Three-quarters of respondents said North America would be their most important destination for exports over the next 12 months, overtaking Europe for the first time since 2016. This comes as politicians in the UK and the US talk up the possibility of a trade deal between both countries, Asia-Pacific was ranked third, followed by South America, India, and Africa. This is despite CEBR data showing China and India’s growth will outstrip North America and Europe, looking to 2029. Companies said they would accelerate their activities in North America as a way to hedge the UK’s near-term economic slowdown.
Will Truman, founder of curated music company Imagesound (Chesterfield), said: “We previously had 90% of our clients in the UK, but now we are invited to tender for work all over the world. Our goal over the next ten years is to become the biggest provider in the world of digital media in a commercial setting. To achieve this, we will be accelerating growth in the US and Asia.”
Business confidence is close to an all-time high
In the last decade, companies have grown more confident about their revenue expectations. In 2011, 60% of firms expected double-digit revenue growth but that number has steadily risen over the years to reach 81% by 2019 (bar a slip to 44% in 2016). In 2017, 2018 and 2019, more than 50% of firms anticipated their revenue would increase by 20% or more over the next 12 months, a notable increase from just 31% in 2011 and 17% in 2016.
Business services represents the most confident sector of all sectors surveyed this year with 54% anticipating revenue growth of 20% or more. The business services sector is forecast to be the fastest growing sector with respect to GVA, according to the CEBR. In the ten years to 2029, it is expected to grow on average by 3.7% between 2020 and 2029, adding £348bn to the economy, up from £236bn in 2018.
Easy access to finance
Meanwhile, confidence about access to finance is close to a record high. 70% of companies expect it will be easy or very easy to access finance in the coming year, down from last year’s record 79%, but significantly ahead of 42% in 2010.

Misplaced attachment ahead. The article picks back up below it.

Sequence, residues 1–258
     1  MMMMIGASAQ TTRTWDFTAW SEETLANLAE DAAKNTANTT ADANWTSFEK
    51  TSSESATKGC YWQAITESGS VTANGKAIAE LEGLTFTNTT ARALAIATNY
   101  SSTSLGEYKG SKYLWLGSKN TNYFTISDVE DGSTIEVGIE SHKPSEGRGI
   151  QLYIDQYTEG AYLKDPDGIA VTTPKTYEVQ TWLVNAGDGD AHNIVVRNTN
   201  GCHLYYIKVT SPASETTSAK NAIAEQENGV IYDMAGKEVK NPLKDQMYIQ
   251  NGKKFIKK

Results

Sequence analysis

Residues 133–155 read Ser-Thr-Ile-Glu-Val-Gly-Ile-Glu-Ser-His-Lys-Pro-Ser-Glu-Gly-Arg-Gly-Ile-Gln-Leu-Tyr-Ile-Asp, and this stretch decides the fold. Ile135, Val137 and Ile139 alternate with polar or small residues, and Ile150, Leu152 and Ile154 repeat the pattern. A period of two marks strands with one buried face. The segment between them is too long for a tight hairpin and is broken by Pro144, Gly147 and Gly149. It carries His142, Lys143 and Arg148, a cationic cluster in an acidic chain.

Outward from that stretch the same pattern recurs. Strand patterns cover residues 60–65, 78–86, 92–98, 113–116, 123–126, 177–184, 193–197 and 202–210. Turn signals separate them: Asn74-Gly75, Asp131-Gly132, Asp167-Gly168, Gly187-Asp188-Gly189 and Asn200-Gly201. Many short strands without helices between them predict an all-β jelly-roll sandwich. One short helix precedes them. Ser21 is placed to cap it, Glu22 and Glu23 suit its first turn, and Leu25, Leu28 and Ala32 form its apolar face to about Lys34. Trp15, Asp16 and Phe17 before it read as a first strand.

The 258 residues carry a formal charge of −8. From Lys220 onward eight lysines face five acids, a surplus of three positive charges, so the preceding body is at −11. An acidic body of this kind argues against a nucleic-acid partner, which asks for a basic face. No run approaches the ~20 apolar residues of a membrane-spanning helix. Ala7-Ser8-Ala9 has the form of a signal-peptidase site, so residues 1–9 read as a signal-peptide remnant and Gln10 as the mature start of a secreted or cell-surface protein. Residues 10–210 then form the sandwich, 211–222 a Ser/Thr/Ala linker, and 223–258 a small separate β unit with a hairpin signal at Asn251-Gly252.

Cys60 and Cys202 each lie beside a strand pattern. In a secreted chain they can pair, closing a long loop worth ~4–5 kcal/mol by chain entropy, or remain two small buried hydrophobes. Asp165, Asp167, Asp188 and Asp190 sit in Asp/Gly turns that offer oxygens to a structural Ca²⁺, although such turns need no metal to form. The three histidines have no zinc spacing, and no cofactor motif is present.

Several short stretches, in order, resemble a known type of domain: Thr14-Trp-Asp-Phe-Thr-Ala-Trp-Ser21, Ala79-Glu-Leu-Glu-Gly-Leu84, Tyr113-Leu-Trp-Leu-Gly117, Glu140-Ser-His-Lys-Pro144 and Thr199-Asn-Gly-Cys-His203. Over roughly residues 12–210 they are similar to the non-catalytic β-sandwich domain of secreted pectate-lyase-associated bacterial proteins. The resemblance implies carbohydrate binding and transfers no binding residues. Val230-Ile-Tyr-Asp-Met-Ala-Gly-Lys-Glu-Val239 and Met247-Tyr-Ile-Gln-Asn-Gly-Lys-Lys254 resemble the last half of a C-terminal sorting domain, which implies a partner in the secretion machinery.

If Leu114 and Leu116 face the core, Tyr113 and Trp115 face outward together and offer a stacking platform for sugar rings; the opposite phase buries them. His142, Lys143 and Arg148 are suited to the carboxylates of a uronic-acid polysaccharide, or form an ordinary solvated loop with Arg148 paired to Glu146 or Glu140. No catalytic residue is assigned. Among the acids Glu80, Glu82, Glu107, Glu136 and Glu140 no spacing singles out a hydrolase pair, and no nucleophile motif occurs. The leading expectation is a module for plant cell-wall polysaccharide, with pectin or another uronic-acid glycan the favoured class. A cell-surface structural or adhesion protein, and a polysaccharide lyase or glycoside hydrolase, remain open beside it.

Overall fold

This compares positively with the rest of UK business: between 2009 and 2014, the share of banks and building societies reporting an improvement in the availability of credit to businesses over the previous three months was 9.4 percentage points higher than the share reporting a deterioration. Since then however, this figure has averaged just 0.6 percentage points, indicating that credit conditions have tightened for UK companies.
The latest strong data on credit and revenue expectations suggest that growth companies are well-placed to jumpstart the UK’s economic recovery once uncertainty decreases.
Simon Champ, executive chairman of premium pudding maker Pots & Co. (London) said: “It’s difficult for young businesses to get leveraged to accelerate growth. The banks were damaged for longer than we thought, so getting debt on board has been difficult.”
Sean Whelan, managing partner at ECI Partners, said:
“Growth companies are the UK’s biggest wealth and job creators, so it is important that we understand the challenges and opportunities they face in achieving their goals. That’s why we’ve been surveying them every year since 2010. As the clock runs down on Brexit, it is no surprise that companies are so worried about political uncertainty in the UK, and the potential economic downturn this could trigger. It’s become harder to run a business, and perennial issues such as skills shortages endure.
“However, is it a pleasant surprise to learn that growth companies expect to shrug off this uncertainty in the years to come- they seem to be saying that Brexit just won’t be an issue over the longer term. Looking back at a decade’s worth of data, perhaps this shouldn’t come as a surprise to us after all: year after year, these growth companies have demonstrated sheer resilience and confidence, seeking out new markets and investing for the future.
“That is set to continue: growth companies are betting on artificial intelligence, automation and internationalisation to drive them forward over the next decade. The picture right now is more challenging than it has ever been in the last decade, but when you look forward to 2029, there are many reasons to be optimistic.”
About the ECI Growth Index
The ECI Growth Index was launched in 2010 with the intention of obtaining a better understanding of how successful growth companies would lead the UK out of recession and what areas CEOs of these growth companies see as their priorities.
The opinions of these CEOs matter because they lead the companies that are creating the jobs and contributing to record employment. They are also the companies that are more likely to be able to export successfully and compete on a global basis driving increased productivity. And they are the companies most likely to stay domiciled in the UK and not move to the lowest tax jurisdiction, thereby contributing to the exchequer.
ECI surveyed 307 growth companies across the UK, and across sectors (TMT, consumer, financial services, business services) between July and August 2018.